Volitional patients

Richard Madsen norrv at HUM.AU.DK
Wed Mar 22 15:18:59 UTC 2006

As for the Icelandic examples, isn't it a question of the patient also
being beneficiary when the dative is used, and not so much its being
volitionally involved? The dative is often used as a marker of the
beneficiary. Of course, beneficiaries are usully humans and thereby
volitional beings, but being benefaciary doesn't mean being volitionally
involved in the action. Are there other verbs in Icelandic that alternate
between the accusative and the dative in that manner?

As for the German examples, I don't think the use of the dative has
anything to do with the humanness of the object. Of course, "schmeicheln"
and "gratulieren" can hardly take non-human objects, but "folgen" and
"begegnen" can. Still, the objects of these two verbs are in the dative
regardless whether they are human or not.


Paul Hopper <hopper at CMU.EDU> den 22. marts 2006 kl. 15:37 +0100 skrev:
>On Aashild's query about volitional patients: Some German verbs also take
>the dative when the human object is in some way complicit in the action.
>Examples would be schmeicheln "flatter", gratulieren "congratulate",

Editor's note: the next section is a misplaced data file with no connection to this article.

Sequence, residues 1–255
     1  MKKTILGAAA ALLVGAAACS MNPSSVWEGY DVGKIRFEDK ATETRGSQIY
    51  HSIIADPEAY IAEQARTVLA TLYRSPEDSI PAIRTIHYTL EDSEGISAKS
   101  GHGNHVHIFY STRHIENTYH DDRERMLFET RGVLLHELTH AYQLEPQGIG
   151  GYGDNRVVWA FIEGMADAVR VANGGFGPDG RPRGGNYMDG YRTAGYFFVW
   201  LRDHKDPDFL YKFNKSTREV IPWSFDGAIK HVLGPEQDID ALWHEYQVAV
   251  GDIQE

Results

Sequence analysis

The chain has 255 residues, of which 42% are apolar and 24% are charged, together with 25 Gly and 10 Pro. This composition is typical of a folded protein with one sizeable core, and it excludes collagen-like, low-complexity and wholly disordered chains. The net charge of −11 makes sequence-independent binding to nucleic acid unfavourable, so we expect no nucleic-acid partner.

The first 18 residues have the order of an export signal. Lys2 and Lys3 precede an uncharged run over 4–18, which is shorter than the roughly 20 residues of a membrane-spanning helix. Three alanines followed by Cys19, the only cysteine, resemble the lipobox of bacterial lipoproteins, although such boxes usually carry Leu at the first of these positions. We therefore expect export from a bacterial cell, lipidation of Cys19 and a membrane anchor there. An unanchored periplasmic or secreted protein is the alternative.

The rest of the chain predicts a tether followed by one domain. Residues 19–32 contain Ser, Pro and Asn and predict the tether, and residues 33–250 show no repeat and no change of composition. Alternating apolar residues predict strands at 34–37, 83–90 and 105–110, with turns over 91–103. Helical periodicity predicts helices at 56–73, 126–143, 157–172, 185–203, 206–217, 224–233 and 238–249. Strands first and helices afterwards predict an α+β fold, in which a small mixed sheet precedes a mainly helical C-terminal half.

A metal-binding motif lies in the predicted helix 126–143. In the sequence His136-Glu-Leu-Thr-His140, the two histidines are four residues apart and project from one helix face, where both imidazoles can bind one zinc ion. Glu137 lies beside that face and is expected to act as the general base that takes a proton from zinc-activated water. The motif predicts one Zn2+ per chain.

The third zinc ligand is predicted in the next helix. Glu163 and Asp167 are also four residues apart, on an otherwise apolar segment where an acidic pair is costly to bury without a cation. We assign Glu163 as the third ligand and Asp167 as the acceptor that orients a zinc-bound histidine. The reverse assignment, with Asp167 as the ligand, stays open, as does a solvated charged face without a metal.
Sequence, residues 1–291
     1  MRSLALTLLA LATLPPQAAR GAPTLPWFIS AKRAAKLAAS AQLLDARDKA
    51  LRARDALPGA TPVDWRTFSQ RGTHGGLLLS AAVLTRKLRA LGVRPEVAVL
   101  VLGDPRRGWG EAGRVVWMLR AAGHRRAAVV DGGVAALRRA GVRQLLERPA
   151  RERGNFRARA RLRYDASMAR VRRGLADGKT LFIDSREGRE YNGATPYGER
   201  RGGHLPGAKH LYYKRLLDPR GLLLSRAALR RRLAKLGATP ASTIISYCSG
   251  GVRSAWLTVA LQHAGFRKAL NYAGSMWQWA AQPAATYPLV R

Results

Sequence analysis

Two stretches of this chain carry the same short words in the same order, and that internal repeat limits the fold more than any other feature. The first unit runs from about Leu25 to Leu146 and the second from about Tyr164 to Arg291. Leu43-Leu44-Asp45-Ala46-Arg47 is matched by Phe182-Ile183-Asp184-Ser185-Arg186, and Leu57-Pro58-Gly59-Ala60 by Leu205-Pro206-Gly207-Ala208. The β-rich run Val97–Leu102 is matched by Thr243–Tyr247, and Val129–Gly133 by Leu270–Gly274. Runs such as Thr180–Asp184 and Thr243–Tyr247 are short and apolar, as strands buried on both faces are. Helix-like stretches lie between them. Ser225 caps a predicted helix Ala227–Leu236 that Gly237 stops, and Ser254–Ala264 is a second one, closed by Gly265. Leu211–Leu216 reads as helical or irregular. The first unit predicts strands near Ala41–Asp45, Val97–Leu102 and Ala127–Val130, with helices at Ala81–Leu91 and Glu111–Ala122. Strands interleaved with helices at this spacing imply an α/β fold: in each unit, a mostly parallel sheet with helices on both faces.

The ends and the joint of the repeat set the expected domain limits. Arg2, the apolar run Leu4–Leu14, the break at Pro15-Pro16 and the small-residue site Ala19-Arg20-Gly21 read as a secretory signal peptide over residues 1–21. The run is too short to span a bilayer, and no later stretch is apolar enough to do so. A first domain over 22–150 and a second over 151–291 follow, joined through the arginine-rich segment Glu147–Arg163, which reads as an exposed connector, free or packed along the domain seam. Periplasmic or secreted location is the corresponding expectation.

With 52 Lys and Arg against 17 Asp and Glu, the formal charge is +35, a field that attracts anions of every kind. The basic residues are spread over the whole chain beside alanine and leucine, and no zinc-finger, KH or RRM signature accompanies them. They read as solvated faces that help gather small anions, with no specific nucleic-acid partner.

>folgen "follow", begegnen "meet". But unlike Aashild's Icelandic example,
>the accusative is never an alternative.
>Goethe notoriously wrote "Wer ruft mir?" "Who calls me?" (Faust I,1).
>"Mich" (acc.) in place of "mir" (dat.) would be correct here, and Goethe
>is routinely accused of committing a solecism, but perhaps there is a
>subtle intention--the object being a spirit (Erdgeist) waiting to be
>> Dear colleagues,
>> I'm wondering if anyone has information on languages where a patient 
>> arugment which is somehow volitionally involved in the event which
>> it (e.g. 'letting' something happen to it) is marked differently from a
>> regular nonvolitional patient. There are examples of this from Icelandic
>> (examples from Barddal 2001):
>> 1. Hann klóraDi mig        2. Hann klóraDi mér he.NOM scratched me.ACC
>> he.NOM scratched me.DAT
>> (D here used for the voiced dental approximant) Both of these translate
>> into English as 'he scratched me'; the difference is that in 1) the
>> scratching is an act of violence, where as in 2) it refers to scratching
>> in order to relieve an itch; in other words, the dative-marked
>> in 2) voluntarily submits to the scratching, whereas the
>> participant in 1) is a hapless victim.
>> Does anyone know of other languages that show similar patterns? The 
>> distinction wouldn't necessarily have to be in the case-marking of the 
>> object, any formal distinction on this basis is of interest.
>> Thanks in advance,
>> Åshild Næss -- Åshild Næss Postdoctoral researcher Dept. of Linguistics
>> Scandinavian Studies University of Oslo P.O. Box 1102 Blindern 0317
>> Norway
>> Phone: (+47) 22 84 40 06
>> Office: HW327
>Paul J. Hopper
>Paul Mellon Distinguished Professor of the Humanities
>Department of English
>College of Humanities and Social Sciences
>Carnegie Mellon University
>Pittsburgh, PA 15232, USA
>Tel. 412-683-1109
>Fax 412-268-7989

More information about the Lingtyp mailing list